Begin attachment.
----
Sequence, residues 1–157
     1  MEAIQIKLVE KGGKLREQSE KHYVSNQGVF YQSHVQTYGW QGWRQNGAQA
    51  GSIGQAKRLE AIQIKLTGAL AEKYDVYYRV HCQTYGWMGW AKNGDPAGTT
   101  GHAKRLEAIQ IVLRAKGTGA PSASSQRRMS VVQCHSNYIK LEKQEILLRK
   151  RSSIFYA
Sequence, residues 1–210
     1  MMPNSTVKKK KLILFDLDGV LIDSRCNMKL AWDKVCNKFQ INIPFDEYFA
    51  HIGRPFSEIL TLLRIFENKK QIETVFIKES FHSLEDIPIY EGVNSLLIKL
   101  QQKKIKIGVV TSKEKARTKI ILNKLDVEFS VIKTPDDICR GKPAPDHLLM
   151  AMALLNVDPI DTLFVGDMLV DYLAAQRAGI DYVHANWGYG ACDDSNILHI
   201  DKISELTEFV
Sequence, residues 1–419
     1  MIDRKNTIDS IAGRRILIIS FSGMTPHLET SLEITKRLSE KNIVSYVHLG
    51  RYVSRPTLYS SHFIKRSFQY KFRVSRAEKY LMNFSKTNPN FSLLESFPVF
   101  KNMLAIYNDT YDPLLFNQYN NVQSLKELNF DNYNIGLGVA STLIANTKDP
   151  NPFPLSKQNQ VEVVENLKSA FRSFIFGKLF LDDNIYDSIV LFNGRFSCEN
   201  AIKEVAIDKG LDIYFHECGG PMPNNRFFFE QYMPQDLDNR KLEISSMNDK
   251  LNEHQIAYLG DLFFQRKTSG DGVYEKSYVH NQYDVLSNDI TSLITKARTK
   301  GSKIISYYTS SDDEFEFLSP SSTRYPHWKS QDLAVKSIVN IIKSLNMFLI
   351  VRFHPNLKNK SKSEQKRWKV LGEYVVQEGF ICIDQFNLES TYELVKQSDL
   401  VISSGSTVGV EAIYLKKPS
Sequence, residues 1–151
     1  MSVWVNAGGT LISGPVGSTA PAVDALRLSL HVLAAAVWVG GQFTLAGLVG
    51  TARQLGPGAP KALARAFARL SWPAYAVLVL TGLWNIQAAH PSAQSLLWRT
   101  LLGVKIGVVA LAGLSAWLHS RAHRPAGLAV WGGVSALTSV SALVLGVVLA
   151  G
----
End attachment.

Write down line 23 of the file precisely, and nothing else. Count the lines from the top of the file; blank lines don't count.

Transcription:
     1  MSVWVNAGGT LISGPVGSTA PAVDALRLSL HVLAAAVWVG GQFTLAGLVG